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Policy, Process, and Procedure? What’s the difference?

Confused? You won’t be after reading this article.

There’s nothing new about these three terms. We hear them almost daily. These types of documents help us understand how to do things. They provide guidance.

But still, there is confusion. I hear people talking about them, but sense they’re being interpreted differently. People confuse policies with process, processes with procedures and even sometimes procedures with policies.

Whatever the reason, understanding the differences is important. It provides clarity for everyone. Let’s clear things up and start with some simple definitions, followed by some examples.

  • Policy – Guidelines, directives or laws. They drive the processes and procedures.
  • Process – High level activities that fulfill or help achieve the aims of a policy.
  • Procedure – Details and tasks required to action or complete a process.

There's a hierarchy. A policy sets the goal. A process provides the broad steps to get to that goal. The procedure tells us exactly how to complete the process.

Let's look at a simple everyday example. Annual leave.

The Policy

Most companies have some form of HR policy. It's likely most of us haven't given it much thought. It's also possible that your company has a specific leave policy. Either way, the policy will tell us what the deal is with leave. The policy may state something like:

"Full-time staff are entitled to four weeks paid annual leave for every 12 months worked. All staff must have their leave approved by their manager."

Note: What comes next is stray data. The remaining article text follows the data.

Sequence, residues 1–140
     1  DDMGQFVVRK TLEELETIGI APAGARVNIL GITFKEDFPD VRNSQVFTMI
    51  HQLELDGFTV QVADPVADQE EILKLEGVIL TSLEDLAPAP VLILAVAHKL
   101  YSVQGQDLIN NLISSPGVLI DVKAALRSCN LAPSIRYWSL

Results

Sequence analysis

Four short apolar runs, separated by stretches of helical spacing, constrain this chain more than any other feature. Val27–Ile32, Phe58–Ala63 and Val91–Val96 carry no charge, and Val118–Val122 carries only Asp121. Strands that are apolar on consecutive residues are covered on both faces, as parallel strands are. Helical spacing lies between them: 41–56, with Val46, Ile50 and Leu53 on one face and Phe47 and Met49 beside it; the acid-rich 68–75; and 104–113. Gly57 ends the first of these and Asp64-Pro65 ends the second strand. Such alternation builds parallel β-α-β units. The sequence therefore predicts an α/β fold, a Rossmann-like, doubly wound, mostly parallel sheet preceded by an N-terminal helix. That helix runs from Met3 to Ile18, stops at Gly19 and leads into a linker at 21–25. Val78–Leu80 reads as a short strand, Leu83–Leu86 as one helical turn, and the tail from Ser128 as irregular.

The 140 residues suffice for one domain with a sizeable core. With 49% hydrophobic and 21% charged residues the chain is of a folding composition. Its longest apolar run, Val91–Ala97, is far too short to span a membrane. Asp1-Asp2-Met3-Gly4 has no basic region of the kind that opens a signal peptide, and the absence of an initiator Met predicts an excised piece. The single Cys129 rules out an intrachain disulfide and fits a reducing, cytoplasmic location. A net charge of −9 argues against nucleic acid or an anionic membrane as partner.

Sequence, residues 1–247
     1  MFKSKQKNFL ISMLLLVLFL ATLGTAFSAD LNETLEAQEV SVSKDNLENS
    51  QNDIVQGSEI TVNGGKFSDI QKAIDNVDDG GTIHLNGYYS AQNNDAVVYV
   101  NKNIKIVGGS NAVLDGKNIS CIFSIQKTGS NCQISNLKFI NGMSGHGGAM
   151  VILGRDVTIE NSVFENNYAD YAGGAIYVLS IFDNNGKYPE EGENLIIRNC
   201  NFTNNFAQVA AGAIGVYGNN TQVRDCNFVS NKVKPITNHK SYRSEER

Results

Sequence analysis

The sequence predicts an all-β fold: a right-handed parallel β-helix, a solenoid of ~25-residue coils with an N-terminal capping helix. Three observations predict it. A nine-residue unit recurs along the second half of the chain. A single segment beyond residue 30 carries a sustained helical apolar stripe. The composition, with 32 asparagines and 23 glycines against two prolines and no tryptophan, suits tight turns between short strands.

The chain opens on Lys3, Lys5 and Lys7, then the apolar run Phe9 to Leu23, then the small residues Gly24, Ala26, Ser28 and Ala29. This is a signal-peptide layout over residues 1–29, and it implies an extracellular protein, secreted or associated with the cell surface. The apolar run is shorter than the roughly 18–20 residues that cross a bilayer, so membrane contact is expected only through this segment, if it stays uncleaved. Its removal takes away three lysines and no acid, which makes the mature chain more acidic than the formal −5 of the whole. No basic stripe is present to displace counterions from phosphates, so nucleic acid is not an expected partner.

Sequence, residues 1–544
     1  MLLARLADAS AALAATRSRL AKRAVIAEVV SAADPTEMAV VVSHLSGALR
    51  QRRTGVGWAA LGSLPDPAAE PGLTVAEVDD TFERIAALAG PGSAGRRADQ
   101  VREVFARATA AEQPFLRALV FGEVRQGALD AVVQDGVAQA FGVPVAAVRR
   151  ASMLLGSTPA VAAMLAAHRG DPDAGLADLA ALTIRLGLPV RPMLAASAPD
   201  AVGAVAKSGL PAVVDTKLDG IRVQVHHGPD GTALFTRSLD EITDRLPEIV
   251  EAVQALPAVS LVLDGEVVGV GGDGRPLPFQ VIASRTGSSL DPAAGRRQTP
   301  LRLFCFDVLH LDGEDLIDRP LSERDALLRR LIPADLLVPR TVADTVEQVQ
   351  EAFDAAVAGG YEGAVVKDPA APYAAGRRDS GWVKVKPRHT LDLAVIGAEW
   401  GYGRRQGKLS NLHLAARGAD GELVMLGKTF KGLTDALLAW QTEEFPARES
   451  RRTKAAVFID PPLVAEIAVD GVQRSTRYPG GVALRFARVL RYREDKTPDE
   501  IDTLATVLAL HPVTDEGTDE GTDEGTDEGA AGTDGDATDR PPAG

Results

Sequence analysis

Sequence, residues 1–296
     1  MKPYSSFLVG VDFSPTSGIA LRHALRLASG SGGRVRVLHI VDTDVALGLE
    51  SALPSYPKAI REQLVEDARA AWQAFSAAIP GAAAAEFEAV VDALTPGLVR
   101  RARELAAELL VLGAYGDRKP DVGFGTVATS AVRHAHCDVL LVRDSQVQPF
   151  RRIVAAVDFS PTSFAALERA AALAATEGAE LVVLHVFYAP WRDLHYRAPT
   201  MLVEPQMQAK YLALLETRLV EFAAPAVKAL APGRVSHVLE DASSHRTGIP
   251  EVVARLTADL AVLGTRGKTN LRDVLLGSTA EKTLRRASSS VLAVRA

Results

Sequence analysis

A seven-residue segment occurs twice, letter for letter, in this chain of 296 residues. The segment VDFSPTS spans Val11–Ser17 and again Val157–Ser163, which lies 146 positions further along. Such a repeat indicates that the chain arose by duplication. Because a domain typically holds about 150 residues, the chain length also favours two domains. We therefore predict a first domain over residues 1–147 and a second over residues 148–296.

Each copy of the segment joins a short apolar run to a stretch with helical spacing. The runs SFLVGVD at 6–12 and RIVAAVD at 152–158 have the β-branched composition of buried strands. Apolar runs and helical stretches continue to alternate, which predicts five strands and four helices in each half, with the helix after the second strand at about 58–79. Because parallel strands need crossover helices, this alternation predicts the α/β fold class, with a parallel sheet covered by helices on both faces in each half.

The policy provides you the why or what annual leave.  But it doesn't tell you how you go about it.

The Process

Now we get some more information. The process for annual leave might look something like this:

"To apply for annual leave, complete the relevant form and submit this to your manager and wait for approval."

This is the main activity that makes sure we follow the policy. There may even be a simple flow diagram that explains the steps or activity. Actually, these are always a good idea. People generally prefer a diagram to written instructions.

The Procedure

Now we get to the detail. The procedure will tell us exactly how to apply for leave:

  1. Login to the HR system
  2. Click on Annual Leave
  3. Click apply for leave
  4. Complete the relevant details
  5. Click Submit

It might also include screenshots. It could be a page on an Intranet. The point is that it tells us exactly what to do.

What if our company switches over to a new HR system?

Well, the process and policy won't change. We'll still need to get our leave approved. But the procedure may well change. The steps and clicks will be different.

How does this apply to our project work?

Let's look at a very common example. The RFI.

A Request for Information or RFI, is the PROCESS of raising and resolving a question or issue. In Aconex, there are two ways to manage this. Using Mail or Documents Workflows.  

What about the POLICY? Some projects may have one. It might an Information Management Policy, or something similar. It could be a section in the contract.

It may state something like: "All project-related queries must be raised via RFIs."

The POLICY states that we must use RFIs to raise questions. The PROCESS tells us the broad mechanism - Mail or Documents.

The specific tasks and steps are in the PROCEDURE. This helps determine configuration requirements. Along with which features/functionality to use, options, etc.

More information

To get you started, why not check out our Process Library on Support Central. You’ll find common processes and procedure examples, along with information about configuring Aconex to make them work.

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